A rational resampler that used RRC taps would be useful as a transmit
side RRC interpolator.

A common MPSK transmitter chain is to create a symbol stream at a
particular number of samples per symbol (related to your input data),
perform RRC filtering, then resample to meet the rate expected by the
USRP at some particular hardware interpolation rate.

You can economize CPU cycles by merging the RRC and resampling filter
stages, that is, by using properly calculated RRC taps in the place of
the resampler lowpass filter.

You could make a GRC wrapper for this.  Come to think of it, this
would be a good opportunity to make a hierarchical block for the blks2
namespace.

-Johnathan
3980c022386330e4fae18e33966fb566?d=identicon&s=25 Glenn Richardson (Guest)
on 2008-12-12 23:43
(Received via mailing list)
Johnathan Corgan wrote:
>
> A common MPSK transmitter chain is to create a symbol stream at a
> particular number of samples per symbol (related to your input data),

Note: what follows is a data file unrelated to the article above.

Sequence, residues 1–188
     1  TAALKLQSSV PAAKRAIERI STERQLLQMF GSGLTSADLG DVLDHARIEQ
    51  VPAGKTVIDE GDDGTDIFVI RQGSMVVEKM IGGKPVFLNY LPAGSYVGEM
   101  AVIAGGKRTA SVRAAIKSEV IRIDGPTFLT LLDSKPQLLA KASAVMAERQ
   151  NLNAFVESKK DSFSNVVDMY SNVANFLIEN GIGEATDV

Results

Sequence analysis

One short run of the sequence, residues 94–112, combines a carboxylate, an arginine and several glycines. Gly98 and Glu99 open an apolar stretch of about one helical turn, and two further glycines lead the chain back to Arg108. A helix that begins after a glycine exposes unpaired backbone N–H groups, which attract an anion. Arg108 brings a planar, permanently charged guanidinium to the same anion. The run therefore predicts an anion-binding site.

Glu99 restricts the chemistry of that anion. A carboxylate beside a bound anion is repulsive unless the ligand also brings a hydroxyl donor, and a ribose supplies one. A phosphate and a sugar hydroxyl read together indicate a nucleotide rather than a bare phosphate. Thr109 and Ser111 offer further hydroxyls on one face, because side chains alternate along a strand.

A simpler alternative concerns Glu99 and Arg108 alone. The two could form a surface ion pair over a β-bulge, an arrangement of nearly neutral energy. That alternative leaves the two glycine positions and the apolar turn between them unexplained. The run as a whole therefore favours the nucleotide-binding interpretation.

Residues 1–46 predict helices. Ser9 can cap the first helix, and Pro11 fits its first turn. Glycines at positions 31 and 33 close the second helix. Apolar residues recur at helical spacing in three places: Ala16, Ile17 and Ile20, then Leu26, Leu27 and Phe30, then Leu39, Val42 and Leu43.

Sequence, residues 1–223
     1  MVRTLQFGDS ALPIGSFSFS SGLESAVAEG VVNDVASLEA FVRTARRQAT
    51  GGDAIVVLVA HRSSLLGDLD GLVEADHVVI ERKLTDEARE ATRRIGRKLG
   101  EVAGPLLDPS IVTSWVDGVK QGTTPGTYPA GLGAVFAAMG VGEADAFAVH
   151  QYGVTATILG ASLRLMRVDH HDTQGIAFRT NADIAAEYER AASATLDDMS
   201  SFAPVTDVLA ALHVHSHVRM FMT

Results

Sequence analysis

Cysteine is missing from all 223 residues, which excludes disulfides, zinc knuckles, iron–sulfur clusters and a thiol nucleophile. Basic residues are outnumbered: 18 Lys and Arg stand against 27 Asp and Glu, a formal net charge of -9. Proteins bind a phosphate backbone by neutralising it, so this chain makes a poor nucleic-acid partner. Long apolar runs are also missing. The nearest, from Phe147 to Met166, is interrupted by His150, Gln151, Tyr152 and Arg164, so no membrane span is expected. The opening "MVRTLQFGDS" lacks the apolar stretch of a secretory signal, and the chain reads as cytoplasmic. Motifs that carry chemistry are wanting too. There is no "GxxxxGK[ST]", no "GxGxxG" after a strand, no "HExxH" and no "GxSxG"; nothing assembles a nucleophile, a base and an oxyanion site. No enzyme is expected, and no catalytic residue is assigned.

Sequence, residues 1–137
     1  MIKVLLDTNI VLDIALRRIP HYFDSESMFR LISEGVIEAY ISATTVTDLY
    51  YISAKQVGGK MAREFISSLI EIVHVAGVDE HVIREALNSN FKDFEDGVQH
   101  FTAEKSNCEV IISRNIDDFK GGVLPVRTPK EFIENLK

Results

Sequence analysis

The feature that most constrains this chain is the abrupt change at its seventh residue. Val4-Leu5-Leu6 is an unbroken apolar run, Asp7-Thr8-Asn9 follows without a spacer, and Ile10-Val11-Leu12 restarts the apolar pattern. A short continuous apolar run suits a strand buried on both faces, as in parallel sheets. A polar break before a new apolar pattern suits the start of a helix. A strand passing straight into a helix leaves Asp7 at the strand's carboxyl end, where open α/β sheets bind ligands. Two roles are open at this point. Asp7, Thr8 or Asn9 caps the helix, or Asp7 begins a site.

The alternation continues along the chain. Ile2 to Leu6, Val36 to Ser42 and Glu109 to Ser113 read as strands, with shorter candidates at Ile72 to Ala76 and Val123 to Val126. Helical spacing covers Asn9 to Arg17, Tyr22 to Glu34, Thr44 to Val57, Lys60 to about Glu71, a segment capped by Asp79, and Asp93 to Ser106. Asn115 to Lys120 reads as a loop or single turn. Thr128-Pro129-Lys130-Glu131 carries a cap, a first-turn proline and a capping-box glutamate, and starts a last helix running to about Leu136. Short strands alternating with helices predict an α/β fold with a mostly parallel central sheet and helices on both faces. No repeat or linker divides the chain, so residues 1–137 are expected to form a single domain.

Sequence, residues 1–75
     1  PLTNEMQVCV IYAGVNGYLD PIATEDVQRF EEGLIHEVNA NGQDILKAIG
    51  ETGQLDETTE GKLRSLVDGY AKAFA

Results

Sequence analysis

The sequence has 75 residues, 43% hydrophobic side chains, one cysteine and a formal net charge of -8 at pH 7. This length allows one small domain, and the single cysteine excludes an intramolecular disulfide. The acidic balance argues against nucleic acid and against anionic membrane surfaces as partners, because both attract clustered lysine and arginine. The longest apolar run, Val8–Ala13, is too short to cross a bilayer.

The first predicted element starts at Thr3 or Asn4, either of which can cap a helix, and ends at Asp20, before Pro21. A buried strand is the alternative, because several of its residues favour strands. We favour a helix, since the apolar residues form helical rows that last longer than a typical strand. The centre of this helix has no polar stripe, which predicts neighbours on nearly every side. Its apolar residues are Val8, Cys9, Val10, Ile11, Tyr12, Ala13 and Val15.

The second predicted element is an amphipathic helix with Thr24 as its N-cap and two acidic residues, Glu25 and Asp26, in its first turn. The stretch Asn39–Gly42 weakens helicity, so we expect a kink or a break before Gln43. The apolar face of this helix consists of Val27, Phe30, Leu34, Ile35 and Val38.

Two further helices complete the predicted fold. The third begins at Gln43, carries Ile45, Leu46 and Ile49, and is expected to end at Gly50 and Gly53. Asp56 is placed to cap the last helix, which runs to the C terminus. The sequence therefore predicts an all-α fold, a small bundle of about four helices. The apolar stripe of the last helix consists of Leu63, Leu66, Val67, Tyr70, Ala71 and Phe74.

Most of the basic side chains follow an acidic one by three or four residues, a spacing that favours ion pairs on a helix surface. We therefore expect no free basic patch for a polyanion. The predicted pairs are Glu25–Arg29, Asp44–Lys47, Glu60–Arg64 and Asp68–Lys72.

> perform RRC filtering, then resample to meet the rate expected by the
> USRP at some particular hardware interpolation rate.
>
> You can economize CPU cycles by merging the RRC and resampling filter
> stages, that is, by using properly calculated RRC taps in the place of
> the resampler lowpass filter.
>
Our transmit chain indeed follows this exact pattern.  The RRC was/is
used to shape the data stream, and then we resampled in a second block.

I would be interested to measure the performance gain by eliminating the
extra block(s).  (There is a constant gain block as well, to bring the
level up to the USRP's expectations.)  However, I'm still back working
on understanding how all these taps are "properly created".  :)
D0072e69d706bb3ca211d33a1b536e2c?d=identicon&s=25 Johnathan Corgan (Guest)
on 2008-12-13 00:25
(Received via mailing list)
On Fri, Dec 12, 2008 at 2:42 PM, Glenn Richardson <glenn@spacequest.com>
wrote:

> Our transmit chain indeed follows this exact pattern.  The RRC was/is used
> to shape the data stream, and then we resampled in a second block.
>
> I would be interested to measure the performance gain by eliminating the
> extra block(s).  (There is a constant gain block as well, to bring the level